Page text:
Why Americans Don’t Understand the World?

America is a politically and culturally isolated in the world. This isolation is both linguistic and cultural.

The European Union speaks many languages but a common currency and free travel unites them and many migrate within the union to find work as there are no passports required. Despite the diversity of cultures it is not unusual for citizens to be proficient in one or more of the major languages (French, German, Spanish, English, or Portuguese).

Americans (unfortunately) expect the world to speak English and see Europeans as somewhat misguided small countries who dabble in social democracy, socialism, and even communism. This viewpoint is an unfortunate product of American jingoism that is perpetuated in our schools.

As an example of a European voice not heard in the US, I am going to translate a Facebook post by a Facebook friend of mine, a member of the Universidade Nova de Lisboa.

“American violence has a sociopathic and criminal tone wrapped in a blanket of ‘patriotism” and the ‘American Dream’ that is nothing more than a continuation of the WHITE PRIDE of the 19th century, under the cloak of PSEUDO-DEMOCRACY that resorts to political crime whenever peaceful means yield no result.” – Bastos

Dr Bastos and many others see US foreign policy as a form of neo-colonialism, and American culture as aberrant (we have surpassed all other countries of the world in per capita incarceration).

I could go on and on but this is a blog not a rant. We Americans are a part of a world community as evidenced by our participation in globalism.  Our imagined “rugged individualism” is a relic of the 20th century before the computer. In today’s world “We must all hang together, or assuredly we shall all hang separately” (B. Franklin). Americans care not for our neighbor’s opinions or issues. We should ask ourselves “Why not”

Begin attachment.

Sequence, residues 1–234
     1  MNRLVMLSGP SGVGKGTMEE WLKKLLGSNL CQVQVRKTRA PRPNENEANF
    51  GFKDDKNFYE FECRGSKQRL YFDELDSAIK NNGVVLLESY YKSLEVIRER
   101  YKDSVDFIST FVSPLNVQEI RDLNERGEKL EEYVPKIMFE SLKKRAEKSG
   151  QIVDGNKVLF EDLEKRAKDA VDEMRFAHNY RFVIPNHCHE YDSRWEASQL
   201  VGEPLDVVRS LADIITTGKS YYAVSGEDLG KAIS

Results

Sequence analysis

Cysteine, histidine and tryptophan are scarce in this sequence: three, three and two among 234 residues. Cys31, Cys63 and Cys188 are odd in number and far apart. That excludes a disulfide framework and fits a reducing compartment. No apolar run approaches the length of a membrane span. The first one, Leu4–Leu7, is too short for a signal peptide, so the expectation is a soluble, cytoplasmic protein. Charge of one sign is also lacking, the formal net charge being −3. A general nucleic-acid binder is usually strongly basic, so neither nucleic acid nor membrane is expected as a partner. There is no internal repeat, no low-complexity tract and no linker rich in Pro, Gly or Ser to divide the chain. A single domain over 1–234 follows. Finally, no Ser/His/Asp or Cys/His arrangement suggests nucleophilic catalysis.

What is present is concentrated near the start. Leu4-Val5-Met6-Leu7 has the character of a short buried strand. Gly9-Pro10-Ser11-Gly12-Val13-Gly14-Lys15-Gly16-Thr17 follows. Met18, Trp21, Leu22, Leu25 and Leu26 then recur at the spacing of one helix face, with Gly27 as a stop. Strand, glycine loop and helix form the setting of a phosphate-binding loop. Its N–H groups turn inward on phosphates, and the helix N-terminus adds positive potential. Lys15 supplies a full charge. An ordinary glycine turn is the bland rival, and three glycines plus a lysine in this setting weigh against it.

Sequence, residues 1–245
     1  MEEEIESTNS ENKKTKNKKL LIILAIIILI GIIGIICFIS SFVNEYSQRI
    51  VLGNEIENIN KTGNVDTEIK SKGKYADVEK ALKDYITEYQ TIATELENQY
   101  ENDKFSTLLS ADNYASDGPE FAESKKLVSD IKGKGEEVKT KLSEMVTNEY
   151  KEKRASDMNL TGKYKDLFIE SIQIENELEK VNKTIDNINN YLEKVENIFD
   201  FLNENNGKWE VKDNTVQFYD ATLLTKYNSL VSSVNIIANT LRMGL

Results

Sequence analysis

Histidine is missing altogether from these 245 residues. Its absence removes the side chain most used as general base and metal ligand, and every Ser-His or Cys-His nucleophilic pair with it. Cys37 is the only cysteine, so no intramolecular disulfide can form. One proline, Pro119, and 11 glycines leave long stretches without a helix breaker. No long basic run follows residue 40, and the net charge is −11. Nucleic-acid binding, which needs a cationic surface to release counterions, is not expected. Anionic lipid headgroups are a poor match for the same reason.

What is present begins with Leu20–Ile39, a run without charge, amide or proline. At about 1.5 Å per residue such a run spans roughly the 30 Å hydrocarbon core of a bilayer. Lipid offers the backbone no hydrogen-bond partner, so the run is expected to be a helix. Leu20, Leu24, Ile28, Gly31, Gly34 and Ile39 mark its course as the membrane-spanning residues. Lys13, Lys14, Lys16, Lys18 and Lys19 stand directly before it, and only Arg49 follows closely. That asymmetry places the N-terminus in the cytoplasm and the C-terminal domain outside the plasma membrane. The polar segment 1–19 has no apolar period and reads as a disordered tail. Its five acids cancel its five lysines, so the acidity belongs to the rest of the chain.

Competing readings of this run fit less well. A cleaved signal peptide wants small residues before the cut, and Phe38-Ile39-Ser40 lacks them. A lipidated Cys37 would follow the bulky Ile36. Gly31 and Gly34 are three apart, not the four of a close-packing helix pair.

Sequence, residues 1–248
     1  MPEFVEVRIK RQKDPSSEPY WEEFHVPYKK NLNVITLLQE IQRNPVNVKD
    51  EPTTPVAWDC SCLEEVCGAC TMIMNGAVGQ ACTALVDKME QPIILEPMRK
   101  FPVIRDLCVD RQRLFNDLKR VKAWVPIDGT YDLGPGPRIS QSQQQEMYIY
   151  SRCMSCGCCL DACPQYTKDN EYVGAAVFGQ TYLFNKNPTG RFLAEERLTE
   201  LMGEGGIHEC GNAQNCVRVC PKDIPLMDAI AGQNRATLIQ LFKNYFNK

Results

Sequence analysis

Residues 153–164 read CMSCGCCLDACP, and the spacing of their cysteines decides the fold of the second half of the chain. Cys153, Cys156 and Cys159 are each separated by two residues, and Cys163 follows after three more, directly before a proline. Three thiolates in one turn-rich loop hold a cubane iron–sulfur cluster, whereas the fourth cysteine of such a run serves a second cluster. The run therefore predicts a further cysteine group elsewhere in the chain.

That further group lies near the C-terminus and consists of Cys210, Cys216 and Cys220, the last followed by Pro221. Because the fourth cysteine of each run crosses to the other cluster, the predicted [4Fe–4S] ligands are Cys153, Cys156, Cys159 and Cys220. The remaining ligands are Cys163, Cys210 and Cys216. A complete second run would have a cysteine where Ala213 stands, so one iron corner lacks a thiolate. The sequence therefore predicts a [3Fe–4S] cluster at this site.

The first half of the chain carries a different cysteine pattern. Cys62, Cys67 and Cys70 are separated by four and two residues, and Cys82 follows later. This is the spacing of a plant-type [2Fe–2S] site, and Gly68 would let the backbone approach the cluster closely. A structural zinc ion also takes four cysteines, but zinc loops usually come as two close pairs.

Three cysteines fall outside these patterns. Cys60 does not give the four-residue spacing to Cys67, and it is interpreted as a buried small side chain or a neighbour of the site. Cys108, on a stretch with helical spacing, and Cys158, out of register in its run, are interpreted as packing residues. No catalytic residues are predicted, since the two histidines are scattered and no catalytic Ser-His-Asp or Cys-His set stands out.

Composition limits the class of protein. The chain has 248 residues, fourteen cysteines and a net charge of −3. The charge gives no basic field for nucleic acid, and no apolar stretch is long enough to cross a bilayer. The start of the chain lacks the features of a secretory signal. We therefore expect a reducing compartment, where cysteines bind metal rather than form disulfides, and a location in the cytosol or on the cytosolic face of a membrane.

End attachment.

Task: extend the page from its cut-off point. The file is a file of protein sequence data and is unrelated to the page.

José Gabriel Pereira Bastos

A violência americana tem um tónus sociopático e criminal, disfarçado de ‘aptriotismo’ e de ‘sonho americano’, que nada mais é do que a continuação do ORGULHO BRANCO do século XIX, sob a capa de uma PSEUDO-DEMOCRACIA que puxa do crime político cada vez que não consegue convencer por meios pacíficos.  http://www.facebook.com/profile.php?id=1217606982

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About carlos

I'm a curious person, of reasonable intellect, "on the beach" (retired) and enjoying my interest in anthropology, language, civil rights, and a few other areas. I've been a hippie/student/aerospace tech writer in the '60s, a witness to the Portuguese revolution in the ‘70s, a defense test engineer and witness to the Guatemalan genocide in the '80s, and a network engineer for an ISP in the '90s. Now I’m a student and commentator until my time is up. I've spent time under the spell of the Mesoamerican pyramids and the sweet sound of the Portuguese language. I've lived in Europe, traveled in Brazil, Central America, Iceland, New Zealand, and other places. My preferred mode of travel is with a backpack and I eat (almost) anything local. Somehow, many of the countries I have been to have had civil unrest (for which I was not responsible). I'm open to correspond with anyone who might share my liberal, humanist interests. I live in San Buenaventura, California.
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